Warm weather means lots of juicy seasonal fruits and berries . But if you have diabetes, you may be wondering how these fruits can fit into your diet plan. Fruits are loaded with vitamins, minerals, and fiber and should be a part of a diabetic diet…The key is to keep an eye on portion sizes and stay away from fruits canned in syrups or other types of added sugar.
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This recipe is part of Recipes With A cause for Diabetes Friendly Thursday.
Celebrate Father’s Day with DFT Team with healthier and diabetes friendly desserts, this week.
These Fruit Salad popsicles are super easy to make with no fancy gadgets required….All you need is a popsicle mold, coconut water OR some juice and sliced fresh fruit, and you’ve got a healthy as well as yummy treat that your kids and adults will be begging for again and again.
DFT suggests to consume desserts during day time and avoid after dinner.
Serving Size: 1 popsicle
1 Apricot, cut into 6 slices (1/2 cup)
1 kiwi. peeled and sliced into 6 rounds
6 strawberries, hulled and halved
1cup 100 percent white-grape juice OR coconut water
Arrange some of each fruit in six 3-ounce ice-pop molds, making sure pieces fit very snugly.
Pour enough juice into each mold to just cover fruit.
Insert ice-pop sticks and freeze until solid, 6 hours OR until set..
To remove the pops from the cups, run under warm water a few seconds
Lets look at some benefits of the Ingredients Used for this recipe.
If you are using the glycemic index (GI) to manage your diabetes, most fruits are a good choice because they are low GI. Satisfy your sweet tooth and keep your blood sugar in check with the following fresh or frozen low-carb choices.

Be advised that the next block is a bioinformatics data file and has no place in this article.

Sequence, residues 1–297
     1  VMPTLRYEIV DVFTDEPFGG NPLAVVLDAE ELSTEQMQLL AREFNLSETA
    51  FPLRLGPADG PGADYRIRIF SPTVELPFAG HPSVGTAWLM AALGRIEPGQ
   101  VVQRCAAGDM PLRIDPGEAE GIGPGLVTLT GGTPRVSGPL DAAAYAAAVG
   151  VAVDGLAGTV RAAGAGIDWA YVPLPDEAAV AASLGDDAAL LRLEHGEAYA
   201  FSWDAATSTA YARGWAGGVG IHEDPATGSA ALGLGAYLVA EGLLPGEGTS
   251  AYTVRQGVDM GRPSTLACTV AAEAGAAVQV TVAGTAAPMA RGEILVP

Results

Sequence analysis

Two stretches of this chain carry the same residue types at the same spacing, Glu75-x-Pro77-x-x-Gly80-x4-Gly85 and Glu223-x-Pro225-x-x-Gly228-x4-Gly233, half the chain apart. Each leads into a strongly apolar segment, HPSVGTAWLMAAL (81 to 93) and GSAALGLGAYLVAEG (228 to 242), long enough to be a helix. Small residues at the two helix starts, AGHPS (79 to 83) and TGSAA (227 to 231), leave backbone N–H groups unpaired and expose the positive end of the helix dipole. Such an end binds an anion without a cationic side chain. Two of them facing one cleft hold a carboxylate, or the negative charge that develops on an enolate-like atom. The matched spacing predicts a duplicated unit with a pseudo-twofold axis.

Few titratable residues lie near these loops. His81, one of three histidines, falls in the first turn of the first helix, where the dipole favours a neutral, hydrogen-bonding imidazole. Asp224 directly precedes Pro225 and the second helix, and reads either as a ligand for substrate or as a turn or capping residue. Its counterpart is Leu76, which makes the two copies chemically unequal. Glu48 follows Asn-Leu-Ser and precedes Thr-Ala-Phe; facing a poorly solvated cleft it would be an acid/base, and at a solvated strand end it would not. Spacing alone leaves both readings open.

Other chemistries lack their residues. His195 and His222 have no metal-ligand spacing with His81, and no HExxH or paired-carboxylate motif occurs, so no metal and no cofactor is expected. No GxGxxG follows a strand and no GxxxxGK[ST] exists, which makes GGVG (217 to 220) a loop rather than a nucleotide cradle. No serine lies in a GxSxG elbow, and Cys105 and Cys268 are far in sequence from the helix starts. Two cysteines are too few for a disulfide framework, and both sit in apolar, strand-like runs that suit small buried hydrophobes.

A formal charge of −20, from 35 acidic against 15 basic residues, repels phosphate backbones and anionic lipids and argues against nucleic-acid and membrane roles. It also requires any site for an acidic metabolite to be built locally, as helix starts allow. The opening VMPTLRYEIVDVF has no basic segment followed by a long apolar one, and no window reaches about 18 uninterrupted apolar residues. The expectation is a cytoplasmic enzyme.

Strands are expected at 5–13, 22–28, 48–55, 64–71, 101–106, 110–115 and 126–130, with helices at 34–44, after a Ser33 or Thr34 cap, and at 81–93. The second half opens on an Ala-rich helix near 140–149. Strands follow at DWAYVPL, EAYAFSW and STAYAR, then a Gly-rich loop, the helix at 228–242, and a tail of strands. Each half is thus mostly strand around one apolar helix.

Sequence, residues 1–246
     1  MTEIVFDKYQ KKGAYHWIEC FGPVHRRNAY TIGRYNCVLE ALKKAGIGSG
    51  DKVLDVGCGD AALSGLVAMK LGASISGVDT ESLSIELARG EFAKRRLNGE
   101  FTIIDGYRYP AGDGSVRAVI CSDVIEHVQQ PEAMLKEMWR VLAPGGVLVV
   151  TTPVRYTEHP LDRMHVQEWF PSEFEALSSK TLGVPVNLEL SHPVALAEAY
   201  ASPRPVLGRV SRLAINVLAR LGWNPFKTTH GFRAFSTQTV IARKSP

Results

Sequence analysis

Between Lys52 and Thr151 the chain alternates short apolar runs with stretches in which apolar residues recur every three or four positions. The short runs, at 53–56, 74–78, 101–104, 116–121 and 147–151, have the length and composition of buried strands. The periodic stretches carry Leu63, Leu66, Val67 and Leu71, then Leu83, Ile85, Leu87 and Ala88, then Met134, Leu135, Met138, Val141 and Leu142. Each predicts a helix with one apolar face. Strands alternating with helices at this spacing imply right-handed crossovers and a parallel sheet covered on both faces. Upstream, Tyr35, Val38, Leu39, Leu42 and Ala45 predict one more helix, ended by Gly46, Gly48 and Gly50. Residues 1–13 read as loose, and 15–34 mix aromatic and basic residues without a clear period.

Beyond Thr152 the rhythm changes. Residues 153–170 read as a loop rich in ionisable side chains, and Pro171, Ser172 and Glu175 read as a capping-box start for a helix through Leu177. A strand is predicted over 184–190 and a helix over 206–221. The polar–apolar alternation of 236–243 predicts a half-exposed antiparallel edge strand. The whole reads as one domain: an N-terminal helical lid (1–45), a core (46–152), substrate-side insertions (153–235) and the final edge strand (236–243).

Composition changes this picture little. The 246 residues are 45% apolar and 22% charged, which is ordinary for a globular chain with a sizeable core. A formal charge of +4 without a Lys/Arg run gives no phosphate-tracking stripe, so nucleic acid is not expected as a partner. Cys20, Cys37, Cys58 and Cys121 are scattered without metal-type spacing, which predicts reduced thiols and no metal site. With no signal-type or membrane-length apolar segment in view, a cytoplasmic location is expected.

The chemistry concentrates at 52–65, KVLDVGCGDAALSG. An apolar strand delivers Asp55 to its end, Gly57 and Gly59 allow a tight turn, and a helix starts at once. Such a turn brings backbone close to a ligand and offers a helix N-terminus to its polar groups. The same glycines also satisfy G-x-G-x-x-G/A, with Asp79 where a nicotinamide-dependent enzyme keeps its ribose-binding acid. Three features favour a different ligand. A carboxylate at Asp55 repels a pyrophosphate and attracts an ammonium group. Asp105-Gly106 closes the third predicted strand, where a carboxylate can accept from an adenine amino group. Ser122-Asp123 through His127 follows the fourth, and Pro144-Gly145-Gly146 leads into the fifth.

Some diabetes patients shy away from strawberries because of their sweetness, But a cup of strawberries makes for a healthy snack that won’t raise blood sugar too much. They’re a much better option than a cookie or candy bar.
“They’re pretty low in calories and carbohydrates. What’s more, strawberries are high in fiber and water, so people will feel fuller longer. The longer that people with diabetes can stay full, the fewer carbohydrates they’ll consume overall, she says.
If you’ve never tried a low-carb kiwi, you might not know that its brown fuzzy peel hides a zesty bright green fruit. Delicious kiwi is a good source of potassium, fiber, and vitamin C. One large kiwi has about 56 calories and 13 grams of carbohydrates, so it’s a smart addition to your diabetic diet. Kiwis are available year-round and will last in the refrigerator for up to three weeks.
There are 15 g of carb in one cup. Of all the berries on this list, raspberries offer the most fiber, and black raspberries are the highest on the list for cancer prevention…
Whether you love blueberries, strawberries, or any other type of berries, you have the go-ahead to indulge. According to the ADA, berries are a diabetes superfood because they’re packed with antioxidants, vitamins, and fiber and are low-carb. Three quarters of a cup of fresh blueberries have 62 calories and 16 grams of carbohydrates.
Sweet, low-carb apricots are a summer fruit staple and a wonderful addition to your diabetes meal plan. One apricot has just 17 calories and 4 grams of carbohydrates. Four fresh apricots equal one serving and provide more than 70 percent of your daily vitamin A requirement. These fruity jewels are also a good source of fiber. Try mixing some diced apricots into hot or cold cereal or toss some in a salad.
Blackberries. There are 15 g of carb in 3/4 cup. Blackberries are full of antioxidants that studies have may help lower blood pressure and cholesterol. They may also help prevent diabetes, heart disease and cancer.
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I am not a nutritionist or dietician. My knowledge and information is based on my research and reading from different resources. Please consult your doctor or dietician before making any changes to your diet.
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